To make sure you never miss out on your favourite NEW stories, we're happy to send you some reminders

Click 'OK' then 'Allow' to enable notifications

Not now

FIFA President Gianni Infantino Confirms 2022 World Cup To Be Held In Winter

Ryan Sidle

| Last updated 

FIFA President Gianni Infantino Confirms 2022 World Cup To Be Held In Winter

Pack your wooly hats, kagools and big knits because the World Cup is going to be held in the winter in four years time in Qatar and that means it'll be bitterly cold...well maybe not.

It wasn't exactly the most popular decision to hold this year's World Cup in Russia, after all football really could have come home with England bidding for the 2018 tournament, but it's actually been very successful.


Now thoughts turn to Qatar in four years and that decision was even less popular. As well as claims of bribery there's also been the deaths of migrant workers building stadiums and fears over the weather and how much anyone in the country actually cares about it.

FIFA are hoping to solve one of the problems, and no, sadly it isn't to do with the migrant workers dying, by moving the time of year of the tournament.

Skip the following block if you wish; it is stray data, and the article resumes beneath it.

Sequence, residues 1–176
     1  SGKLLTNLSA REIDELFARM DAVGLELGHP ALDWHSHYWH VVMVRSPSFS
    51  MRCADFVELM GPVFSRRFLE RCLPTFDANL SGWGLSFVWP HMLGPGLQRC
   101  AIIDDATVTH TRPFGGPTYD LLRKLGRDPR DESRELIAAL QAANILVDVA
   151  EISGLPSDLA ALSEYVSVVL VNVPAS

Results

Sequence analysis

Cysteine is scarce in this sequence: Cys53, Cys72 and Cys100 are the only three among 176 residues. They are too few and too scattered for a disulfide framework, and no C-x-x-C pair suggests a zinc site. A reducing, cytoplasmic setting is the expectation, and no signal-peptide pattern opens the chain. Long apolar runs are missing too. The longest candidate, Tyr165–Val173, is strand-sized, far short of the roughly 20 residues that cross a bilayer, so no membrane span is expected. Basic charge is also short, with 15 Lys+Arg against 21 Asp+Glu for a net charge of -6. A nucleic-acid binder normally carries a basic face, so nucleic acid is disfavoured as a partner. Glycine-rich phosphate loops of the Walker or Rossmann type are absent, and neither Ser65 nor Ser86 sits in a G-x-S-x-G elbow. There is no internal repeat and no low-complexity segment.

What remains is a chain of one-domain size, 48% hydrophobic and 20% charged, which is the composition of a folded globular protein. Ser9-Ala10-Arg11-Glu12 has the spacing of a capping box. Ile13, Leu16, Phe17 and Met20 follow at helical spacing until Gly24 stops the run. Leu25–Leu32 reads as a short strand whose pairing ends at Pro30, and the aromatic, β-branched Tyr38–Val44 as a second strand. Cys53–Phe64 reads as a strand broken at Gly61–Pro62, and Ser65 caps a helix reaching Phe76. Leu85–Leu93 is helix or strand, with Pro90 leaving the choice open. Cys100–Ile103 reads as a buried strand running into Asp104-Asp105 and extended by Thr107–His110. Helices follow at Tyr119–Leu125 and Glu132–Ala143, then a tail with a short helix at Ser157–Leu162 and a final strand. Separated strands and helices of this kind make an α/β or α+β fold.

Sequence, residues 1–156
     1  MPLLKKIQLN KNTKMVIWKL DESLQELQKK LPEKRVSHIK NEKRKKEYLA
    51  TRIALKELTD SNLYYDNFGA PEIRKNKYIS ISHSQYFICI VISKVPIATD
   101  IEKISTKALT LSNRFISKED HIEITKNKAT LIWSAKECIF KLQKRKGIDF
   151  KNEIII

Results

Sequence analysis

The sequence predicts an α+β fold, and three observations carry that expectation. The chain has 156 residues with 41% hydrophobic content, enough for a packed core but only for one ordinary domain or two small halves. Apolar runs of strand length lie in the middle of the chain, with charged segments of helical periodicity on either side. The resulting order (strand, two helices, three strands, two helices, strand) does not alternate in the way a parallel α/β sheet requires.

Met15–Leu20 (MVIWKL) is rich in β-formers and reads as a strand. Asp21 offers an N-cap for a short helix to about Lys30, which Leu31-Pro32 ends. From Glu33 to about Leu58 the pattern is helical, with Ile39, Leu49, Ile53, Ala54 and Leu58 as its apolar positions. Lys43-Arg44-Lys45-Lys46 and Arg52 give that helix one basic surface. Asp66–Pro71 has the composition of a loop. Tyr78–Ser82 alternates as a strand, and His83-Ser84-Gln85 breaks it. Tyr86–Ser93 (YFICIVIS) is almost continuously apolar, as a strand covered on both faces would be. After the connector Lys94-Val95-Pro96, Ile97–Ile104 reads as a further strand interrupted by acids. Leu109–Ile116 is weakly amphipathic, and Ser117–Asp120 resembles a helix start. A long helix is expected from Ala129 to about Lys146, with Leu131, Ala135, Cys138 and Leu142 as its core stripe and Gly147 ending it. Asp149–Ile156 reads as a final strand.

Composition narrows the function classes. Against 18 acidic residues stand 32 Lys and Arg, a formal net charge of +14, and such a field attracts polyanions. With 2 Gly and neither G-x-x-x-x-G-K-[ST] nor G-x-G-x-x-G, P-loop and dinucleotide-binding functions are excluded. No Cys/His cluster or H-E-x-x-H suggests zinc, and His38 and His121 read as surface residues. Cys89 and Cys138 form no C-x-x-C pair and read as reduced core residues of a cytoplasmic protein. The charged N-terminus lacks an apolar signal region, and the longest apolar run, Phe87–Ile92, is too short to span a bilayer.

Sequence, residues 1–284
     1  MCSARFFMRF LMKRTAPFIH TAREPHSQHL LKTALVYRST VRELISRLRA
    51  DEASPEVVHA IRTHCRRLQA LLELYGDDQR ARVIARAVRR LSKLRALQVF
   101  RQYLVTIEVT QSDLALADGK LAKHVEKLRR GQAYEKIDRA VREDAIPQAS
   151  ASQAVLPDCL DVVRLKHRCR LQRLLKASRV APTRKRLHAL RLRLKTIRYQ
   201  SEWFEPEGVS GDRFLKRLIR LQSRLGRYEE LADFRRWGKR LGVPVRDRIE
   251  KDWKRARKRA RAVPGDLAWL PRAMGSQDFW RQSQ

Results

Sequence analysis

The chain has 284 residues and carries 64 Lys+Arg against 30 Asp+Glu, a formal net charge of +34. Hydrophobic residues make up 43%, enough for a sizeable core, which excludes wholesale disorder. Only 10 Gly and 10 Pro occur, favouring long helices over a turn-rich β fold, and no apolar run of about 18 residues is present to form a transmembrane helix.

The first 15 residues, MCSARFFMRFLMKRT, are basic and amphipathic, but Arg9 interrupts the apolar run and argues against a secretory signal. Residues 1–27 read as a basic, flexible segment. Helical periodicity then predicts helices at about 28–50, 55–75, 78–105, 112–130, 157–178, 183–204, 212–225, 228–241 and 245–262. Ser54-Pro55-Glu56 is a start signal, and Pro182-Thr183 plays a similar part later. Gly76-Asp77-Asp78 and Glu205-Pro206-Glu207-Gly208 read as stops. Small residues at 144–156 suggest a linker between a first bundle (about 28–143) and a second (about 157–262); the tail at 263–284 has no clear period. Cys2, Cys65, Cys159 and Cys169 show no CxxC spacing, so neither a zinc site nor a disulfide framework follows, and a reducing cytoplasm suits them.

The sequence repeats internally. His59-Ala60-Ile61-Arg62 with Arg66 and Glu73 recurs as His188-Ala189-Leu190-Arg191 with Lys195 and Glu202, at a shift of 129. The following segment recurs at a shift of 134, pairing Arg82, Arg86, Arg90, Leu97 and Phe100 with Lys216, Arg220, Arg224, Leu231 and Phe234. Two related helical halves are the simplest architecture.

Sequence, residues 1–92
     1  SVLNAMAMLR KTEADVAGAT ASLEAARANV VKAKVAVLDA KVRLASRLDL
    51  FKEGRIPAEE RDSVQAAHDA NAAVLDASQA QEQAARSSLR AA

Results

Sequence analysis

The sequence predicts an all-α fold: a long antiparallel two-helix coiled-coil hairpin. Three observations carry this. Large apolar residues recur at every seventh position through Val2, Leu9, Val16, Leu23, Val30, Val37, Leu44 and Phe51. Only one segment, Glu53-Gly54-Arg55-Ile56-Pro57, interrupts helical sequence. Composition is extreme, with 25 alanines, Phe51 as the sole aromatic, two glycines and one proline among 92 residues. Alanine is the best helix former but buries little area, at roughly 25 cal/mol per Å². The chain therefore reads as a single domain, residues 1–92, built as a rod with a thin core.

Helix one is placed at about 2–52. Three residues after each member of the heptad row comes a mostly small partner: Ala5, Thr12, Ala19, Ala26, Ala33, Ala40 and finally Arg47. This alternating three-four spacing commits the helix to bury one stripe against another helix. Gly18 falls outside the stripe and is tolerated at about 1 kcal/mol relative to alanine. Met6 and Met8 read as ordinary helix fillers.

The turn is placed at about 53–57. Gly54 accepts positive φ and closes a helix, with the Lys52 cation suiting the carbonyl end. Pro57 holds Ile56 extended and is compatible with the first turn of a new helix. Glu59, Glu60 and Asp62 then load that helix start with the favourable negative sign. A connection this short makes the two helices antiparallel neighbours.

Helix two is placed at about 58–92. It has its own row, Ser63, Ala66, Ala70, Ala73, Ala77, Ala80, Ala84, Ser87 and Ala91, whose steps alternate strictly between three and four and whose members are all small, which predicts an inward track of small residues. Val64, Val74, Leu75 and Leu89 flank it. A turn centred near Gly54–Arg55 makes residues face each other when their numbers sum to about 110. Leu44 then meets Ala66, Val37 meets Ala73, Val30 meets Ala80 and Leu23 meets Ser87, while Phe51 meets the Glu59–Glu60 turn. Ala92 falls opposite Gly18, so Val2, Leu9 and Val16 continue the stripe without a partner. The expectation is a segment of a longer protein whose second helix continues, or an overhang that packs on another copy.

We're used to World Cups taking place in June or July, give us something to do whilst the league season is taking a breaking, but this time it'll be in the run up to Christmas.

It means leagues will have to break for several weeks before the tournament to allow national teams to have time with their players in the build up to the tournament and for several weeks after in order to give them a break.

For a lot of leagues the break after the final won't be too much of a problem, as many have winter breaks over Christmas, the Premier League will suffer though.

The English leagues usually have their busiest spell around Christmas but that would start around a week after the end of the finals, after England have won of course (wonder how many will bite on that).

Fifa vice-president Jim Boyce discussed the possibility of a winter tournament in 2015 saying, "I think it could be a tremendous World Cup because I think players will be fresher than they have ever been. It's going to be 28 days, it's not a lifetime. It means [domestic leagues] starting three weeks earlier and finishing three weeks later for one year."

Qatar's weather still averages around 20 degrees celsius in November so maybe it's not a good time for the knits...

Topics: Football News, World Cup news, Qatar 2022, World Cup

Ryan Sidle
More like this

Chosen for YouChosen for You


Lucas Hernandez ‘considered stopping career’ after suffering ACL injury in France’s World Cup opener

7 minutes ago

Most Read StoriesMost Read

Hannibal Mejbri caused chaos after throwing ball at an Australian player’s face

3 hours ago